Charles County Chamber of Commerce Newsletter

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Charles County Chamber of Commerce Newsletter

A new business incubator is coming to Charles County, with the goal of turning numerous patent holders and innovators in our community and throughout Southern Maryland into growing, vibrant small businesses.

Bob Kavetsky, President and Executive Director of the St. Charles-based Energetics Technology Center, said his company is launching the Charles County Innovation Center, as part of the broader Southern Maryland Vision 2020 initiative launched by Delegate John Bohanan. Its mission is to help nurture entrepreneurs and growth oriented businesses into successful, sustainable businesses in our community. Although they are recruiting technology minded entrepreneurs, an initial focus will be on creating minority, women, and veteran owned technology businesses. These entrepreneurs may have their own technologies or they could be interested in licensing technologies from regional federal labs.


Ann Lansinger, a consultant who successfully led a business incubator in Baltimore and is working with Kavetsky on this project, said concerns about BRAC and sequestration make this the ideal time to launch the incubator. “The number of patents held by residents of Southern Maryland (over 1,800 patents are associated with inventors from the three counties, with the lion’s share being held by Charles

County residents) may be the antidote” to these economic headwinds, Lansinger believes.


Lansinger believes an incubator located in Charles County, and especially Waldorf and St. Charles, is ideally suited for success for several reasons. The area retains strong residential growth, even in the face of the housing downturn of the last few years. County residents also have high levels of personal income, but are interested in finding work closer to home as a way of improving their quality of life. Pointing to the strong job creation statistics associated with incubators, Lansinger points out that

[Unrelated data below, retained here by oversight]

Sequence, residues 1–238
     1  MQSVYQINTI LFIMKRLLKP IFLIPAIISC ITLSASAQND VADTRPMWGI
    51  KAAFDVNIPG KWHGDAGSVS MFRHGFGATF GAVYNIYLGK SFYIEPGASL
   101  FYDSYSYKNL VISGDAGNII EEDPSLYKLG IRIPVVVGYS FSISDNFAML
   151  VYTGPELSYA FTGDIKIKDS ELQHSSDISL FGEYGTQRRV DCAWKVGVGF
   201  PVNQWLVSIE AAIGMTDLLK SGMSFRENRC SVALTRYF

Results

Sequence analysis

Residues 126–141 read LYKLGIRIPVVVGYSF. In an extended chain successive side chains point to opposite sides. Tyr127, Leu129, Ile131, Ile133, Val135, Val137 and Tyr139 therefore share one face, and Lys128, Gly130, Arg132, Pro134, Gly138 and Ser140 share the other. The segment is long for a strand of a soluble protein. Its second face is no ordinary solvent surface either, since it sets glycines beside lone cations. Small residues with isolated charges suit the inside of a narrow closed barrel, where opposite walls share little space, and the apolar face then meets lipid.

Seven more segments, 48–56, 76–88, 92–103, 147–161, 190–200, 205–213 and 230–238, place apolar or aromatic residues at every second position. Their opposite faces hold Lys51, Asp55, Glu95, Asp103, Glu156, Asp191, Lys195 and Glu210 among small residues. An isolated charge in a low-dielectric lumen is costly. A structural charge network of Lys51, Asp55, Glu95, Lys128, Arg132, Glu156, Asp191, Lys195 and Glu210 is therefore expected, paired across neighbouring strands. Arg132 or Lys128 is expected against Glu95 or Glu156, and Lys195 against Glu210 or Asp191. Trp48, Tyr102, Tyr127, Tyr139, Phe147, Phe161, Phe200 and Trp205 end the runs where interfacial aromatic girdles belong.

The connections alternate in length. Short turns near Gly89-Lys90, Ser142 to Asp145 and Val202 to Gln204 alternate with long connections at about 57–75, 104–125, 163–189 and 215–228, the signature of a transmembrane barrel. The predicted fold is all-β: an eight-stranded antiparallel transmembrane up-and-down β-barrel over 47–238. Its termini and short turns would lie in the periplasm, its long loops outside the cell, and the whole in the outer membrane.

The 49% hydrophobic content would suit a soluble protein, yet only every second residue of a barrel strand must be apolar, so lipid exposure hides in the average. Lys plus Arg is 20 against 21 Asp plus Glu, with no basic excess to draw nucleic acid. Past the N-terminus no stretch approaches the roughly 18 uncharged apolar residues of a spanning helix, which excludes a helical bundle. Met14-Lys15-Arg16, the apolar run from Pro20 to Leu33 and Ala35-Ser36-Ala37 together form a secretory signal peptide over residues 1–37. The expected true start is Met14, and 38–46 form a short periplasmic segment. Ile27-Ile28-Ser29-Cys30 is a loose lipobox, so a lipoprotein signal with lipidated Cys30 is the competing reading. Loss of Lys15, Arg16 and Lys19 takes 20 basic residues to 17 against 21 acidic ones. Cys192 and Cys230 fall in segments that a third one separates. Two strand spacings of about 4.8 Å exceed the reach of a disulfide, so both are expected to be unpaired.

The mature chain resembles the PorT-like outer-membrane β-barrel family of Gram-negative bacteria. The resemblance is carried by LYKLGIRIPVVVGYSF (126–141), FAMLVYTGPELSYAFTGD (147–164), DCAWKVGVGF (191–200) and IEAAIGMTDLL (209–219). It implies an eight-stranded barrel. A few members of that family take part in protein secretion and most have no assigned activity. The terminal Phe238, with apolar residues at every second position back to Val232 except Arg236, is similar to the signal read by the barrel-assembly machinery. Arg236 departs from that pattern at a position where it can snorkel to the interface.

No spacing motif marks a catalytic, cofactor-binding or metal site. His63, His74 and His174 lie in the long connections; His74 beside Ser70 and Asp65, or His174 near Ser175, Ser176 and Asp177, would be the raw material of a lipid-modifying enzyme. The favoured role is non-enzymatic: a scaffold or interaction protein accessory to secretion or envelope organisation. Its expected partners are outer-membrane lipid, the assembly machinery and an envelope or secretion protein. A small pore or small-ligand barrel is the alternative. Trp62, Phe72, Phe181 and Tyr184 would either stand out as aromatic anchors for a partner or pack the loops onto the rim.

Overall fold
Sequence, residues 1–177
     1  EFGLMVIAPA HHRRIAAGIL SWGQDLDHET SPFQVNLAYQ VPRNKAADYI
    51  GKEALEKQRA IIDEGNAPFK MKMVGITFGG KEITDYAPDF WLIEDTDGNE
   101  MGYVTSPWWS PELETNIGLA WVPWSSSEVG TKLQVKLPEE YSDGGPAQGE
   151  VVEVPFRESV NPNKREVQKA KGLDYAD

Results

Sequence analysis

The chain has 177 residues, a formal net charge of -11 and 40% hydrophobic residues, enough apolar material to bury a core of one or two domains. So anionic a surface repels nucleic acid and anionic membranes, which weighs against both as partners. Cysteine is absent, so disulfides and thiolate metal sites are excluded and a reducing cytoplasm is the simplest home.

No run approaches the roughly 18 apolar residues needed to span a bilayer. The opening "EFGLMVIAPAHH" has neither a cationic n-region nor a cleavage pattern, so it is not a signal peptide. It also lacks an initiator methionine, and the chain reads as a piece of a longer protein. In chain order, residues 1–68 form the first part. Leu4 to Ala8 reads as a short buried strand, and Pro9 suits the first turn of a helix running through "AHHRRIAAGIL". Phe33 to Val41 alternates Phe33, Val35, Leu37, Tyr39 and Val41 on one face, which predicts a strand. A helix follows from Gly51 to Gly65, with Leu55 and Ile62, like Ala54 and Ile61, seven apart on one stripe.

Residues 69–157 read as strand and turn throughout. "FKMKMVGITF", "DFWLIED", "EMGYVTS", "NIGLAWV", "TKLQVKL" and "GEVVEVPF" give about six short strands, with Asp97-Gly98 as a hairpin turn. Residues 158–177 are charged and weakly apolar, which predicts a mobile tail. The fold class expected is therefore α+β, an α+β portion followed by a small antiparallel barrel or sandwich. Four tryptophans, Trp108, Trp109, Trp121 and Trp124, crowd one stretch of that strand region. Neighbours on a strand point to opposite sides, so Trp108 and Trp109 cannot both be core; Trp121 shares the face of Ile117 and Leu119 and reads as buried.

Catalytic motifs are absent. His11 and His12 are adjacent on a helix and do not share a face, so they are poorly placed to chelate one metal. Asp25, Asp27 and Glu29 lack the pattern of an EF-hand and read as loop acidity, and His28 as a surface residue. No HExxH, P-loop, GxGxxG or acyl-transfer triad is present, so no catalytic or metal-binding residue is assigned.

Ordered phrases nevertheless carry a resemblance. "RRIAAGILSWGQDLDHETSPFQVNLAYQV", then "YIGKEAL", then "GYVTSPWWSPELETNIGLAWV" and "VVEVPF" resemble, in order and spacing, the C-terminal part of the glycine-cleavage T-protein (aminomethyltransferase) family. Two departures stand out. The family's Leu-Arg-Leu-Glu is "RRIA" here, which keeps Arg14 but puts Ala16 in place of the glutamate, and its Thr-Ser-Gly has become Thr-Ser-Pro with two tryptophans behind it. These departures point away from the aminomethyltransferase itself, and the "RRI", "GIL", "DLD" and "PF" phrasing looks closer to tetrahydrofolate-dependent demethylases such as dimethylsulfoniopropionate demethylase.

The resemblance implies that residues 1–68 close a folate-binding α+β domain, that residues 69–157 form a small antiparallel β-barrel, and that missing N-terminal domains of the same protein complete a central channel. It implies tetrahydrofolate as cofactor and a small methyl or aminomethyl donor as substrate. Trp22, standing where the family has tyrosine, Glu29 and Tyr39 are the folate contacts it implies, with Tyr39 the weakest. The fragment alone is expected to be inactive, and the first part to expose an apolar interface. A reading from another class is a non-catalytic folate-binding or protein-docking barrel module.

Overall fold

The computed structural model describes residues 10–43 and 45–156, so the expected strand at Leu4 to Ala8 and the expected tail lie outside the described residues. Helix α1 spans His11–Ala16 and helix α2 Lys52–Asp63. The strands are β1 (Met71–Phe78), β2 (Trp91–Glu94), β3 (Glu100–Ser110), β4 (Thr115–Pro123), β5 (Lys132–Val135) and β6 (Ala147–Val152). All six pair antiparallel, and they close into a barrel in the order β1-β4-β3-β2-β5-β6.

87% of incubator graduate companies remain in business after 3 years, and 84% of incubator graduate companies remain in their local region after their incubation period, which can last up to three years.


In addition, Kavetsky points to the need for Maryland and Charles County to diversify its business base beyond direct federal jobs, and the availability of successful regional models for innovation, like the one in Baltimore, as helping to point the way for a successful incubator in Charles County. Our bases at Indian Head and Pax River will be a real focal point for commercialization and the Innovation Center has the potential for capitalizing on the intellectual propel1y developed there to further diversify our economy. “There is opportunity (in Southern Maryland), there is a need, and we have the management and technical expertise to do so.”


Two members of the Innovation Center team will be familiar to Chamber members. Gene Lauer, former County Administrator, and Dr. Elaine Ryan, former president of the College of Southern Maryland, are pmt of the effort to make this business creation center successful. Also, Shirley Collier, a successful serial entrepreneur, national consultant and specialist in tech transfer is a pail of the team. She was a driving force in setting up the highly successful Howard County Neo-tech incubator.


Best of all, there are important roles for the Chamber and its

members to play to make the incubator successful. Chamber member businesses from a variety of disciplines – law, accounting, and marketing, for example-are needed to serve as mentors to the stm1-up businesses. ” If we can help these businesses succeed, then as they grow their employees will shop, buy homes, visit restaurants, and help our larger economy grow.” Communication between the incubated businesses and the larger Chamber community, Lansinger says, is going to be essential to the center’s success.


In May, representatives from ETC are going to make a presentation to the Chamber’s board of directors, and an information event about the incubator is being planned for Chamber members later this summer.


”There is opportunity (in Southern Maryland), there is a need, and we have the management and technical expel1ise to do so,” said Kavetsky. “We are looking forward to working with the Chamber to make this successful for our community.”


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